Stitch and Glue

Canoes, Kayaks, Pedal power

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capsaicinrain
Posts: 3
Joined: Mon Aug 11, 2008 7:02 am

Stitch and Glue

Post by capsaicinrain »

I am not sure if this information is on the Glen-L website, but I have a few questions.

Regarding the stitch-and-glue kits, it says "everything needed is included. Does this include the wood? I would hope so because finding good wood would be difficult for some. Also, if it does come with the wood, is it pre-shaped? Because I do not know many people capable of steaming and bending wood if it isn't.


Thanks for any advice I can get.
When reading my posts please don't criticize, I am extremely new to this.

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Desert Rat
Posts: 88
Joined: Fri May 04, 2007 12:44 pm
Location: California/Arizona

Post by Desert Rat »

stitch and glue kits do not include any wood. They contain the material to "stitch and glue" the boat together. "click" on whatever stitch and glue kit you are looking at, and you will see what is in that particular kit.

hlucus
Posts: 29
Joined: Sun Feb 11, 2007 12:12 pm
Location: Arlington, Washington

Steam bending?

Post by hlucus »

Welcome to the web site. Don't worry about being a newbie. I built my first boat over 20 years ago, and I still think of myself as a beginner because every project is a learning experience. I seem to average about one "stupid" question a day. (Those are the questions where you have to smack yourself in the forehead after you figure out the answer. If you don't like smacking yourself in the forehead, don't even think about building a boat.)

When I read your post, I wanted to ask which boat you are planning to build and where you are located. The odds are good that there is someone on the site who lives near you and can give you some ideas about where to buy lumber.

As for steam bending - are you sure you are going to need to do that? Most of the stitch and glue plans I have seen use pretty simple construction techniques with simple bends that don't require steam. If you do find that steam bending is necessary, I would suggest getting a book on the subject. I've seen three or four books on the subject, but I think that "The Complete Manual of Wood Bending" by Lon Shleining is the pick of the litter.
Sooner begun Sooner done

capsaicinrain
Posts: 3
Joined: Mon Aug 11, 2008 7:02 am

Okay

Post by capsaicinrain »

thanks, I was going to build the sculling boat, and I live in Louisiana. I unfortunately have to put this project on hold because of school (i am 16 years old, but hey I know alot about carpentry).
So thanks for your reply, but again, I cant get started for a while now.



Cheers,



capsaicinrain
When reading my posts please don't criticize, I am extremely new to this.

hlucus
Posts: 29
Joined: Sun Feb 11, 2007 12:12 pm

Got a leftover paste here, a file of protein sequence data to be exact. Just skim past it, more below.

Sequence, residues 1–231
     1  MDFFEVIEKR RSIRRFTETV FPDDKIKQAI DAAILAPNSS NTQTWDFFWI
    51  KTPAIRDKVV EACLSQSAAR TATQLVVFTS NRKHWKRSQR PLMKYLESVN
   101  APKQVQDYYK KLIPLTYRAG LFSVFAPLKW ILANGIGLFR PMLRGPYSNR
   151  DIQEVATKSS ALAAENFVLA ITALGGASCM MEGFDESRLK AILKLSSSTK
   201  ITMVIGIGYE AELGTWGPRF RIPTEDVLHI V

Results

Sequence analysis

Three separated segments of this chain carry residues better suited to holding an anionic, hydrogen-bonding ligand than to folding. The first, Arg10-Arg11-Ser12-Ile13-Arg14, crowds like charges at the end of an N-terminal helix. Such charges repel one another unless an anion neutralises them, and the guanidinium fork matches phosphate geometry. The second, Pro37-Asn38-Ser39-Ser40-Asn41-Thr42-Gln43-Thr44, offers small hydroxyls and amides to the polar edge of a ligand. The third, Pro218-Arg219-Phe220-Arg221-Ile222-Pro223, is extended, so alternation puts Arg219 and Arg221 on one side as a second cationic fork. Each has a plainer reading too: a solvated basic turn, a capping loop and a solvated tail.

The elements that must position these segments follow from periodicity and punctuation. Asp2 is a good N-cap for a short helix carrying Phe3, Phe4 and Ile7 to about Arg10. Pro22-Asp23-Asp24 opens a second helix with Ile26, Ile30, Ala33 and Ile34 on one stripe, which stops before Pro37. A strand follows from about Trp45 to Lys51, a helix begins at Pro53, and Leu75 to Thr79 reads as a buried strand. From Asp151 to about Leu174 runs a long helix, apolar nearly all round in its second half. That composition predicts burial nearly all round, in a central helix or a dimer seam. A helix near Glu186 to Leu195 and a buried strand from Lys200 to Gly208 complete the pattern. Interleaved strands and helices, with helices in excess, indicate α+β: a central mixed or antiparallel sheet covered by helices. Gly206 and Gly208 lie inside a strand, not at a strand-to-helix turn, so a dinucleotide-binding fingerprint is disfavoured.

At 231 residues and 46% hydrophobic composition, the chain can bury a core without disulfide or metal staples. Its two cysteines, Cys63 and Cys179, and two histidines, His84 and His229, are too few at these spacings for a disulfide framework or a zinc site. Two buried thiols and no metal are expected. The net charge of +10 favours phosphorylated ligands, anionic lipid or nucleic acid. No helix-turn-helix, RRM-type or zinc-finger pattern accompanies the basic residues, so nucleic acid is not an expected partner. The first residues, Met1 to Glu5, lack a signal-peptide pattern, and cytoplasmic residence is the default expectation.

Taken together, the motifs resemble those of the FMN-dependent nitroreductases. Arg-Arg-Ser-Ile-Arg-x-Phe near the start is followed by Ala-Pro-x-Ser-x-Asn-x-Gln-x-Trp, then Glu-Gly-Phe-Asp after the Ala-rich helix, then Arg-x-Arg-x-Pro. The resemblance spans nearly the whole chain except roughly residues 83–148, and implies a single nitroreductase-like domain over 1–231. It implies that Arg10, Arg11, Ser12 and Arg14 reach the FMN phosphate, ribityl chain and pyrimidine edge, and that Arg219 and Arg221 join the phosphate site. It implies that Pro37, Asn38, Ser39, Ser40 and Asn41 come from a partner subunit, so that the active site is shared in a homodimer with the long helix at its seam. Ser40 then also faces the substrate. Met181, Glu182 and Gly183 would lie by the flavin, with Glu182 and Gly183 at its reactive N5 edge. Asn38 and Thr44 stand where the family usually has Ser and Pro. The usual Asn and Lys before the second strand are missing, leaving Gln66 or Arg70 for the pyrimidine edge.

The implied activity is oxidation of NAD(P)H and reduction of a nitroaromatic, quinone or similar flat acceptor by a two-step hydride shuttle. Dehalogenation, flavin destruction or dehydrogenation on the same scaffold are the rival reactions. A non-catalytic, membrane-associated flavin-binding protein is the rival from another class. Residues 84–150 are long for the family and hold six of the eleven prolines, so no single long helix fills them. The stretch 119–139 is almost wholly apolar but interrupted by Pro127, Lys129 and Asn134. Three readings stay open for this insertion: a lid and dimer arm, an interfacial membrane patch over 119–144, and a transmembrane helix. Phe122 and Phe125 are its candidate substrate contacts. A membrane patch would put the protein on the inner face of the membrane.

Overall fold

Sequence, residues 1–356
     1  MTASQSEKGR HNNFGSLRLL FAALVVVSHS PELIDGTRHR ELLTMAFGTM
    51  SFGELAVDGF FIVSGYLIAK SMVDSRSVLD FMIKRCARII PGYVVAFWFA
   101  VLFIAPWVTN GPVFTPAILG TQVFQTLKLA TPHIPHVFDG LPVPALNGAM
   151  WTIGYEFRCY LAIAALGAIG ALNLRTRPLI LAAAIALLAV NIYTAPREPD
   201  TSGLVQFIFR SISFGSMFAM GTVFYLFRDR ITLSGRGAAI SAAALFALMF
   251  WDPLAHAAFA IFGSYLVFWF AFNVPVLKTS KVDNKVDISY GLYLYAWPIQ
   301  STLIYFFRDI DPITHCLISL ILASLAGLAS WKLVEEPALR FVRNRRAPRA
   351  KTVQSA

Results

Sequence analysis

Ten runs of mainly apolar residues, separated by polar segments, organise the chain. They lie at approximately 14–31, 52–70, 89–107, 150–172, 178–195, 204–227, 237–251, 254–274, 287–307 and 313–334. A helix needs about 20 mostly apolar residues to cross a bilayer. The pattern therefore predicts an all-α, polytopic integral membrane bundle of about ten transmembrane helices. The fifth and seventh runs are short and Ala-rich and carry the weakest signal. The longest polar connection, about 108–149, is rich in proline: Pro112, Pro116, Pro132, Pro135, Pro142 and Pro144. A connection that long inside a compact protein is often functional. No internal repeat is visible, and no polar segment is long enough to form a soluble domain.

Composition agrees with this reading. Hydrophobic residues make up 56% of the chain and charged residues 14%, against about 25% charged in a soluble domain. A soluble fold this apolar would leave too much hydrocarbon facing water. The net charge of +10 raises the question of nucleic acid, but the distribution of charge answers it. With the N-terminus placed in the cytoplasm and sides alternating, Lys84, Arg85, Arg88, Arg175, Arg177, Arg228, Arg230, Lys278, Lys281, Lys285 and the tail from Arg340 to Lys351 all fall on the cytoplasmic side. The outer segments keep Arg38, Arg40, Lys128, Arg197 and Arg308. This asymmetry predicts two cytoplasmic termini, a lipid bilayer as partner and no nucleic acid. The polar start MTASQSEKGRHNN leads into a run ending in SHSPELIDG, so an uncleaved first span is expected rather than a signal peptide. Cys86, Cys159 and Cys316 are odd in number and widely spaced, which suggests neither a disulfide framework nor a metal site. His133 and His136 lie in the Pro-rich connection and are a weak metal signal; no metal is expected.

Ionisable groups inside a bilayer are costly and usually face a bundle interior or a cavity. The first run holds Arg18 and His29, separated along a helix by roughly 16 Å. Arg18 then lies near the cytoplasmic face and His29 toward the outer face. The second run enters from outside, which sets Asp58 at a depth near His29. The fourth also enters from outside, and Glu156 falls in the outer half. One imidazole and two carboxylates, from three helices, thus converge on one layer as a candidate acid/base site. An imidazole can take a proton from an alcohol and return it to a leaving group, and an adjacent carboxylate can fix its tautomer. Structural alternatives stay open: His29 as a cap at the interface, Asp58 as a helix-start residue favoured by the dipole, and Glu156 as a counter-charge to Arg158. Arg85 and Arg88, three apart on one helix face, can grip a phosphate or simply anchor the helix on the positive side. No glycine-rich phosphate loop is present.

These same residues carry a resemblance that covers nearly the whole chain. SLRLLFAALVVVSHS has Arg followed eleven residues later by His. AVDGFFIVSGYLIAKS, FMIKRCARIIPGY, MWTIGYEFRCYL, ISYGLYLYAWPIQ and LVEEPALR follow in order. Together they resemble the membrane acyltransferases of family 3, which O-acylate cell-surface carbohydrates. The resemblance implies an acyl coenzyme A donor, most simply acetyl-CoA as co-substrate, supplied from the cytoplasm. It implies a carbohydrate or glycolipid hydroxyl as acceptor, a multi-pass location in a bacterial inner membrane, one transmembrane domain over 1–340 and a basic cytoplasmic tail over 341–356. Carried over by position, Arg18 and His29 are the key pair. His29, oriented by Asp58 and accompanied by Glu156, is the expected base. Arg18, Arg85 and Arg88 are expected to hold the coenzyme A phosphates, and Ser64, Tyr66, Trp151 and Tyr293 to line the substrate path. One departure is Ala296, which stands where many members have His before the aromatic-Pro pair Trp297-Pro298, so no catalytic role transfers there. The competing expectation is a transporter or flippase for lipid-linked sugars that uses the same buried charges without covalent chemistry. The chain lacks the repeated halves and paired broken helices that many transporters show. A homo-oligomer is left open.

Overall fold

Location: Arlington, Washington

Time

Post by hlucus »

I'm sorry to hear that you can't start your project yet, but maybe I can encourage you to rethink your decision. I'm on the other end of the scale (63 years old) and school is just sort of a vague memory at this point, but I can tell you with assurance that life will just keep getting busier after you graduate. You will never have more time than you have now.

As far as boatbuilding goes, it isn't ever a big project. It's just a lot of little projects stuck together. You can go as slow or as fast as time allows. The same goes for the costs. You don't have to pay for everything at once. Just buy what you need for the next little project and finish that before you buy some more. One day, you will walk up to the boat and realize that there is nothing left to do and you have to put the darn thing into the water.

If you have to room to build and the interest to do the project, why not get started? Where I live (Washington state), students have to complete a senior project to graduate and a boatbuilding project would probably qualify. One local girl just built a demolition derby car and raced it for her project. Is there anything like that in your school?

Whatever you decide - best wishes.
Sooner begun Sooner done

china
Posts: 83
Joined: Tue Mar 21, 2006 9:09 am
Location: LONDON.UNITED KINGDOM.

Re: Stitch and Glue

Post by china »

hlucus, what a wonderfull post, i just had to reply to it afer reading it, as you realy touched a lot regarding the philosophy of how to build a boat.

i liked the sentance of where you said it aint like one big job building a boat just lost of little jobs. that realy gives me encouragment to perform a build.

it realy is a great philosophy, from reading your posts i reguard you as a very good boat counciler. you give out realy good boat building therapy and i salute you.

cheers and all the best.
London. England.
Building to escape the city !

upspirate

Re: Stitch and Glue

Post by upspirate »

One of my friends at work has a son that built a stitch and glue 10' sailboat as a senior project.

I was considered his "mentor" and printed lots of info off this site & from my epoxy manuals to help him along.

He got an "A-" on the project instead of an "A" only because he didn't wear a suit when he presented the project(what a bunch of dumba-s's in the faculty at that school in my opinion!!)

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